Here, these new \(c\) and \(d\) vectors of variables, which are constrained to be nonnegative, are the primary component of what is explictly being minimized. For the constraints to hold, \(c\) and \(d\) only need to be increased from 0 so that the left hand sides of the main inequalities are greater than 1 when \(Pm - eb\) and \(-Nm + eb\) are less than 1 and thus misclassified. In these cases, the \(c\) or \(d\) variable will be increased just enough so that the constraint will hold. The degree that it had to be increased is equal to the degree that the point was misclassified. These formulations have not yet taken into account the separation margin, or the precise degree that the hyperplane is in between the positive and negative points. This separation margin is equal to \(2 / \|m\|_2\). Since this is proportional to \(m'm\), a multiple of \(m'm\) is added to the objective. The particular multiple of \(m'm\) that is added to the objective depends on the parameter \(f\). As \(f\) is increased, the effect of \(m'm\) on the objective is increased, and so the value of \(m\) will usually decrease. The reason for this parameter is to have the ability to avoid large weights to some degree. Large weights are empirically associated with overfitting, a problem in machine learning where the machine learning algorithm tends to memorize the training data and not generalize to unseen data well. As the objective is now a quadratic expression, the model is now a quadratic program.

Full Quadratic Program

\[ \min_{mbcd}\frac{1}{p}e_p'c+\frac{1}{n}e_n'd+\frac{f}{2}m'm \]

\[ Pm-e_pb+c\geq e_p \]

\[ -Nm+e_nb+d\geq e_n \]

\[ c\geq 0 \]

\[ d\geq 0 \]

GAMS Implementation

 $setglobal      nPositivePoints         5
 $setglobal      nNegativePoints         5
 scalars
         largeWeightsPenaltyParameter    /.1/
         nPositivePoints                 /%nPositivePoints%/
         nNegativePoints                 /%nNegativePoints%/
 sets
         dimensions      /d1, d2/
         positivePointNs         /p1*p%nPositivePoints%/
         negativePointNs         /n1*n%nNegativePoints%/
 table positivePoints(positivePointNs, dimensions)
         d1      d2
 p1       2       0
 p2       0       3
 p3       1       3
 p4       0       4
 p5       1       4
 table negativePoints(negativePointNs, dimensions)
         d1      d2
 n1       1       1
 n2       2       1
 n3       2       2
 n4       3       1
 n5       3       2
 free variables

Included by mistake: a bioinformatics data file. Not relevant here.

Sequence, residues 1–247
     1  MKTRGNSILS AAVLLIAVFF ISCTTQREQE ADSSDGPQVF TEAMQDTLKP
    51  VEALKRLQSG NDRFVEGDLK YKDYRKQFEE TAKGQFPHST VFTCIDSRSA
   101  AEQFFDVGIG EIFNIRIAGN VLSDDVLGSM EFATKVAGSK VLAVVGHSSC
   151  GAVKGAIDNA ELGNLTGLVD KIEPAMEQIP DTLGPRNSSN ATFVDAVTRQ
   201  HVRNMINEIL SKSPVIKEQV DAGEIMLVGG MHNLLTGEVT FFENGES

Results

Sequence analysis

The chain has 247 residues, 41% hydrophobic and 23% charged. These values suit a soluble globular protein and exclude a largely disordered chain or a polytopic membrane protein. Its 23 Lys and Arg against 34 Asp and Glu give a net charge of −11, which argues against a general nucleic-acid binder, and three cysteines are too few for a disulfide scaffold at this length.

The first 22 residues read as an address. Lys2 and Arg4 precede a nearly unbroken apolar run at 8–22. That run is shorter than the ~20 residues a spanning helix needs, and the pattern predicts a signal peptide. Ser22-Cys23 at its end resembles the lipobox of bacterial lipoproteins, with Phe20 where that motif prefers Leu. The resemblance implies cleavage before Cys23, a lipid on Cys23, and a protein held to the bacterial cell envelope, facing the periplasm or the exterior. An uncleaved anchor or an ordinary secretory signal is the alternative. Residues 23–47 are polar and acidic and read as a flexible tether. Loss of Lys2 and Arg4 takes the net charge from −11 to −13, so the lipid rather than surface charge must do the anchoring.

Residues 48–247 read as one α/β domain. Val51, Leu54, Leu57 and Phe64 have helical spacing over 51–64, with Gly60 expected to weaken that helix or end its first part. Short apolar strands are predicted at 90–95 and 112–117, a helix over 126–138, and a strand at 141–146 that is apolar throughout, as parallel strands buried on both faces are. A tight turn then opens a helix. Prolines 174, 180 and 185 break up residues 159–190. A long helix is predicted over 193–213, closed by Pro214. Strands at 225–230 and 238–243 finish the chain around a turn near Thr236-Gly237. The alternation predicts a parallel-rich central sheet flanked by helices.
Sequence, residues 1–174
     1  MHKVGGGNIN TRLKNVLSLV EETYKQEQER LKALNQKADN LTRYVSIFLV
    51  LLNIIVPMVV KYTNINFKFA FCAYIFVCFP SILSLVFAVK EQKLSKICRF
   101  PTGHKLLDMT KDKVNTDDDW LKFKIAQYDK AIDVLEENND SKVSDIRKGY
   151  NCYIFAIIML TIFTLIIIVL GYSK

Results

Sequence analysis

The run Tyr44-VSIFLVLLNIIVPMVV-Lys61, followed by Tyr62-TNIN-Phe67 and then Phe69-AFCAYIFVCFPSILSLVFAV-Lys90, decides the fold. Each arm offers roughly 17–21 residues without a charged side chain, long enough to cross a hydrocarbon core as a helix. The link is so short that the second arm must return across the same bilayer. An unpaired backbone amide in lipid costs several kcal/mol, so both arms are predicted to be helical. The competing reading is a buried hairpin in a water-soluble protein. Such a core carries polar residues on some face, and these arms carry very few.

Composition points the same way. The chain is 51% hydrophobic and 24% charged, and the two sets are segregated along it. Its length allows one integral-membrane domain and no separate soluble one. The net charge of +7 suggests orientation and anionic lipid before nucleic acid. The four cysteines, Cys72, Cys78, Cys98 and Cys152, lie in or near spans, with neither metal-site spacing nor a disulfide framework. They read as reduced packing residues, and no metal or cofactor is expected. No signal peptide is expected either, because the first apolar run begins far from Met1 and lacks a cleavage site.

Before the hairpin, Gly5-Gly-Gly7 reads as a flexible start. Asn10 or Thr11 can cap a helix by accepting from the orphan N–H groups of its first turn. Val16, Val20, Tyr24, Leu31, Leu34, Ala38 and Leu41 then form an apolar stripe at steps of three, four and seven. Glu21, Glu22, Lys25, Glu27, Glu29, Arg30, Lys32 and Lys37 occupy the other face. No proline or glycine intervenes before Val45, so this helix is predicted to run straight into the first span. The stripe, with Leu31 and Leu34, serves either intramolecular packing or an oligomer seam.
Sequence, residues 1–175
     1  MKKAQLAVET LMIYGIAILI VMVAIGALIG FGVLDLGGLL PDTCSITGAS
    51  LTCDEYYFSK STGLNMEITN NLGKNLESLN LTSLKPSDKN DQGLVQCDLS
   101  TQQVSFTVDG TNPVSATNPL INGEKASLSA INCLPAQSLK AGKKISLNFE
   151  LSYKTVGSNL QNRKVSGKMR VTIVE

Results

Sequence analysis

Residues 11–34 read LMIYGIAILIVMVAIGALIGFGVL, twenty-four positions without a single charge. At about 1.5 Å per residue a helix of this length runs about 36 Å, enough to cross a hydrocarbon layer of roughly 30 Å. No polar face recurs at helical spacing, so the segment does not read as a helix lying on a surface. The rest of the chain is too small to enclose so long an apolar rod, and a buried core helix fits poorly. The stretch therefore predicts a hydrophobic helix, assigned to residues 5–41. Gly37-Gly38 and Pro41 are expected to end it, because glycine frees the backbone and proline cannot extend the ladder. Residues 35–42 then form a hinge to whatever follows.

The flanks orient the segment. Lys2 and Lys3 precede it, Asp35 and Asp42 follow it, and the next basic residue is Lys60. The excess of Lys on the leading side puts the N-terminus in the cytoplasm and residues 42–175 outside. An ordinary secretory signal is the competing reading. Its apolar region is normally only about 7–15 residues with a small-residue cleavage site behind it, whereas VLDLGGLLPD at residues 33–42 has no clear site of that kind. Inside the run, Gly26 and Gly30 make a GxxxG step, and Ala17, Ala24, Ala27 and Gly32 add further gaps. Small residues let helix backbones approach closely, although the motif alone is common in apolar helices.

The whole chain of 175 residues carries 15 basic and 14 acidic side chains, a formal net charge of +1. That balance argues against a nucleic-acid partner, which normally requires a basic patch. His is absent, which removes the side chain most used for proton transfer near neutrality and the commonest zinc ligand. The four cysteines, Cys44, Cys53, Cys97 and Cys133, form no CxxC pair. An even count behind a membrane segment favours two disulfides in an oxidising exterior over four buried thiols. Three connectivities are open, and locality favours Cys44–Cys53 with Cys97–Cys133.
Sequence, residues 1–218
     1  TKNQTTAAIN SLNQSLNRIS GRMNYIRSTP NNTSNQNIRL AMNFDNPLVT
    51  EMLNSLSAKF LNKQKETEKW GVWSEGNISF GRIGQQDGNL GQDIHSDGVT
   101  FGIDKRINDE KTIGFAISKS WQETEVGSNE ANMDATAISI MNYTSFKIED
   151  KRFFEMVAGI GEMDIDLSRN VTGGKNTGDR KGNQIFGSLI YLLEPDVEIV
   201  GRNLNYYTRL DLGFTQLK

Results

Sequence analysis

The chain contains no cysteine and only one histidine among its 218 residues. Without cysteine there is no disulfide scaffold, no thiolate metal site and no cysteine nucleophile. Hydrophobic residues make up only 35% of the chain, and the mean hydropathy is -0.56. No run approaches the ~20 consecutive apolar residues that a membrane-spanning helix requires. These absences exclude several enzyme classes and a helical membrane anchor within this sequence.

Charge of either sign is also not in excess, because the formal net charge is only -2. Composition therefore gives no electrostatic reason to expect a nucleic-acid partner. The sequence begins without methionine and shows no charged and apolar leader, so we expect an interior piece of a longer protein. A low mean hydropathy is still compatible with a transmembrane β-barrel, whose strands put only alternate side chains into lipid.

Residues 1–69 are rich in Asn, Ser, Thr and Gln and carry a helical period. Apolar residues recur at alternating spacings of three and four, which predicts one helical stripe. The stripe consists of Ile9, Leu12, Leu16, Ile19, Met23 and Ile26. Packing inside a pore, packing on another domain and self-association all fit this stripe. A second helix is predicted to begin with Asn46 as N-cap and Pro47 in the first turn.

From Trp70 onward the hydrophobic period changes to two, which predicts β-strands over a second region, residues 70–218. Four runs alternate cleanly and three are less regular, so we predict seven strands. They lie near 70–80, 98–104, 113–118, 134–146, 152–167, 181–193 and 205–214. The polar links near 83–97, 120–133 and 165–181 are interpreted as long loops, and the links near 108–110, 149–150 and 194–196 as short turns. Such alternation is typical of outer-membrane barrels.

m(dimensions)
         b
         z
 positive variables
         c(positivePointNs)
         d(negativePointNs)
 equations
         positiveConstraints(positivePointNs)
         negativeConstraints(negativePointNs)
         objective;
 positiveConstraints(positivePointNs) ..
         sum(dimensions, positivePoints(positivePointNs, dimensions) * m(dimensions)) - b + c(positivePointNs) =g= 1;
 negativeConstraints(negativePointNs) ..
         - sum(dimensions, negativePoints(negativePointNs, dimensions) * m(dimensions)) + b + d(negativePointNs) =g= 1;
 objective ..
         z =e= 1 / nPositivePoints * sum(positivePointNs, c(positivePointNs)) + 1 / nNegativePoints * sum(negativePointNs, d(negativePointNs)) +
         largeWeightsPenaltyParameter / 2 * sum(dimensions, m(dimensions) * m(dimensions))
 model svm /all/;
 solve svm minimizing z using qcp;
 

Try the demo!

Using the program
 
Values are displayed in the point table at the top of the program. Selecting 'Add +Point' adds a positive data point to the list, while 'Add - Point' adds a negative point to the list. All points are added as at a random coordinate between 0 and the maximum coordinate value in the current list. Selecting a point cell and clicking 'Remove Point' removes that point from the list. Clicking 'Build SVM' submits the current point data to the SVM model, which then solves the QCP specified in supportVectorMachine.txt.
 
Point values, names, and categories can be edited in the GUI. Clicking on a cell will allow you to edit these values (a name, two positive integer coordinates, and a category +/-). Submitting the job will display a results panel with information about the execution of the job, including the total error and SVM equation if the instance is successfully solved. 
 
When a solution is successfully solved, the resulting hyperplane is drawn in below the point table. Red circles are negative points, while blue circles arepositive points, both drawn at the coordinates specified in the table (Note: the y-axis is oriented downwards). The SVM classification boundary is drawn as a purple line while the margins around the classification regions are drawn in either a transparent red (classifies negative) or blue (positive). Classified regions beyond the boundary are drawn in a more opaque red or blue. 
 
Data points can be added, removed or altered at any time during program execution. Clicking 'Build SVM' will rebuild and revisualize the SVM for the most current set of data points.


Optimization Category (Linear Programing, Integer, MIP and etc.):